Muddy Creek is designated a priority corridor for restoration and conservation by Greenbelt and our partners including U.S. Fish and Wildlife Service, Marys River Watershed Council, The Institute for Applied Ecology, Natural Resource Conservation Service, Oregon Department of Fish and Wildlife, and others. Greenbelt and our partners are working to create a healthy and resilient region that will continue to support the diversity of species and naturally functioning water systems.
If you can imagine walking through a richly diverse forest dominated by Oregon white oak and Oregon ash trees, native shrubs and flowering understory plants you can understand how this area is a culturally significant area for the bands of Kalapuya Indians who traditionally inhabited this region. Throughout the basin and specifically on this property, the oak structure found in the riparian habitat range from large open canopy trees with branches sweeping the ground to mixed-aged woodland trees with native understory. The understory includes native shrubs such as Indian plum and snowberry and forbs such as camas and fawn lilies. The riparian forest provides shade and bank stabilization to Muddy Creek along with nutrient cycling and acts as a dynamic interface between land and water. The forest supports an array of wildlife species including deer, cougar and bobcat, red-legged frogs and rough-skinned newts, and resident and migratory birds. A vibrant, resilient and functioning riparian habitat such as this, provides the necessary shade, cover and forage for the fish and wildlife benefits of healthy water and creek habitat.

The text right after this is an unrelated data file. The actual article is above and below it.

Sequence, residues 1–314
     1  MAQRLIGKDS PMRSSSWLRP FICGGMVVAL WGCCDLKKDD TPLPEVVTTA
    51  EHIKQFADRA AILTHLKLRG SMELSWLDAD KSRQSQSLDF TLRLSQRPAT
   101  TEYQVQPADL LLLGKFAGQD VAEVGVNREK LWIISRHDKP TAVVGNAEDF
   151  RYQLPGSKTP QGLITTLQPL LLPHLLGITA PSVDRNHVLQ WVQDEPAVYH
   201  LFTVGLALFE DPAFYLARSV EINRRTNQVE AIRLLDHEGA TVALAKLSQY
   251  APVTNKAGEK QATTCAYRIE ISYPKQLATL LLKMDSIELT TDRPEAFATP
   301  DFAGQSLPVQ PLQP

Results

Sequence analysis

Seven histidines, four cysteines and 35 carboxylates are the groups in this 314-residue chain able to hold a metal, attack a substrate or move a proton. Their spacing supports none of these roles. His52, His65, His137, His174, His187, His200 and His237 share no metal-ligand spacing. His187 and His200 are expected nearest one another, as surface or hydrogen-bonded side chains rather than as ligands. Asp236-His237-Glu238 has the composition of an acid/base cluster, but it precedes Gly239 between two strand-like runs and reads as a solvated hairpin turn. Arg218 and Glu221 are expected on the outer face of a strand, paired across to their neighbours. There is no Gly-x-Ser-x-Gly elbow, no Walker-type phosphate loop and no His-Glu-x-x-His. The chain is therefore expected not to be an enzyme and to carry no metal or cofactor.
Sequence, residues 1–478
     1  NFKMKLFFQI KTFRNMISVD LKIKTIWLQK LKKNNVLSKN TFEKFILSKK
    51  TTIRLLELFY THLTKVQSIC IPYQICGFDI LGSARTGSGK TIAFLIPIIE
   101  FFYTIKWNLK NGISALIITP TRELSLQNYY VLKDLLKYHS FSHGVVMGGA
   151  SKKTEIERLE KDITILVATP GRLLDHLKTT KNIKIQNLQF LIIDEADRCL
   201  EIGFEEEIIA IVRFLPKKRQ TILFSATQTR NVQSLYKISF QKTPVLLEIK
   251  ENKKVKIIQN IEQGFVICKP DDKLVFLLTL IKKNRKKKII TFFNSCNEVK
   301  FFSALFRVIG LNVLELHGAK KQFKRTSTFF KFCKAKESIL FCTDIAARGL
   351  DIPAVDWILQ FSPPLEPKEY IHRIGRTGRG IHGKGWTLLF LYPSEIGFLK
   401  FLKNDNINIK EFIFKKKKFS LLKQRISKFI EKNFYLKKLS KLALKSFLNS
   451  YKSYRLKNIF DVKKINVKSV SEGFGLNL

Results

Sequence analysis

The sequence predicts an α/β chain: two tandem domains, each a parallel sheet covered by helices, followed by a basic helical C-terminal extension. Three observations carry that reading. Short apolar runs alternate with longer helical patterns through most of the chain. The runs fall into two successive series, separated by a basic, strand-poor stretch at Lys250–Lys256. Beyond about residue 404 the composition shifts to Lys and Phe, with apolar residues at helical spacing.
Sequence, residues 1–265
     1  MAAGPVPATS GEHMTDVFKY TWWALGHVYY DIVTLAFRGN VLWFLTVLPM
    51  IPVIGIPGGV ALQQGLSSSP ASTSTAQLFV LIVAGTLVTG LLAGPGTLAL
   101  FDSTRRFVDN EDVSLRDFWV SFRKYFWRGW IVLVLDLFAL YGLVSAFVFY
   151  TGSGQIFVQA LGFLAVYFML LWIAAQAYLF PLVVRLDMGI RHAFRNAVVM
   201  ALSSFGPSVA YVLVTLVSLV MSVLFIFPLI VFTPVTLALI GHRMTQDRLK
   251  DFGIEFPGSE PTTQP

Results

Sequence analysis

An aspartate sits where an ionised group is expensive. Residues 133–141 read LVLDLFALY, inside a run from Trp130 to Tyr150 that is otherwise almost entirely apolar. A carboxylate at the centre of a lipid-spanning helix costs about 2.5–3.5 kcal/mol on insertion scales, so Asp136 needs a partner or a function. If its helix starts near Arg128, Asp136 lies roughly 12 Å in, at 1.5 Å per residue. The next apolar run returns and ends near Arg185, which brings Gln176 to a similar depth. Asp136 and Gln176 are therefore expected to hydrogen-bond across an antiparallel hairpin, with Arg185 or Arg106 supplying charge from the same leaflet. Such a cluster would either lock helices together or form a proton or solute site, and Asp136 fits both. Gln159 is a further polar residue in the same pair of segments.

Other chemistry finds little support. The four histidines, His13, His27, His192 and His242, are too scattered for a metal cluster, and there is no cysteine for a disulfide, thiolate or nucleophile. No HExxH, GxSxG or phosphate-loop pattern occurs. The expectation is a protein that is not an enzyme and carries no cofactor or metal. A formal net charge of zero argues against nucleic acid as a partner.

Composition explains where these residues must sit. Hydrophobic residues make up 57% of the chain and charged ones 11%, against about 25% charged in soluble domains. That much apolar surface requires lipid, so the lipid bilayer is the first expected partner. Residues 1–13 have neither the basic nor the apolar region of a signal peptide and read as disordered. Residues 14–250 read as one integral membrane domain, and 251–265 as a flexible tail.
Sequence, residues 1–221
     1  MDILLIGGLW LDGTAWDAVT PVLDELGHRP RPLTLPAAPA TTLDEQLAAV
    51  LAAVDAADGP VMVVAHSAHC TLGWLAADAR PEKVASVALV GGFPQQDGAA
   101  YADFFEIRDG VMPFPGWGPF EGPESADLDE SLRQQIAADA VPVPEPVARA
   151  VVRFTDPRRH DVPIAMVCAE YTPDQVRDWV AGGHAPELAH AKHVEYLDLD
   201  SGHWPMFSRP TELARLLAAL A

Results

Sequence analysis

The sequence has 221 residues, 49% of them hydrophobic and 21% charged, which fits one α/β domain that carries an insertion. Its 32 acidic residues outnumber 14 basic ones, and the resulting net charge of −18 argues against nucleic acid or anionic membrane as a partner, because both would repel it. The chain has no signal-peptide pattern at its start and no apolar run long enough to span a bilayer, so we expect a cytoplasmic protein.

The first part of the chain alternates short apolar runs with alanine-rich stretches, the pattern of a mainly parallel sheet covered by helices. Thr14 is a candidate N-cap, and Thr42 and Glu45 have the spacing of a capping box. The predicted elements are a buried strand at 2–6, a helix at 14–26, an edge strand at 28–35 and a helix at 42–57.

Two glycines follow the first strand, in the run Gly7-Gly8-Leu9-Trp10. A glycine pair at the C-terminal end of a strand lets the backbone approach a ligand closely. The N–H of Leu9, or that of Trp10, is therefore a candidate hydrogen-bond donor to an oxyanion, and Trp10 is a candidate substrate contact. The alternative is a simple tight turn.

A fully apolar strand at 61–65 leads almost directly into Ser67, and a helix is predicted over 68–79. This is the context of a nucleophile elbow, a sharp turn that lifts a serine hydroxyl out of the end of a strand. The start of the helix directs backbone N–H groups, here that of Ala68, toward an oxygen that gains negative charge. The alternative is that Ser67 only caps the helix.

Muddy Creek is a low gradient valley bottom stream that meanders through the riparian habitat of the property. Unique to the Valley bottom Muddy Creek remains unchannelized and has an active and functioning floodplain that inundates regularly. The stream, swales, and floodplain provide refuge, foraging, and migration habitats for Oregon chub, cutthroat trout, and other native fish.
Conserved lands, like these 35 acres, also help provide clean drinking water, improved floodwater storage capacity, increased groundwater recharge, and enhanced ecosystem services for downstream communities.
Greenbelt’s work to protect the land is strategic and intentional. We develop our conservation priorities around building a connected, healthy and resilient landscape that supports nature and people.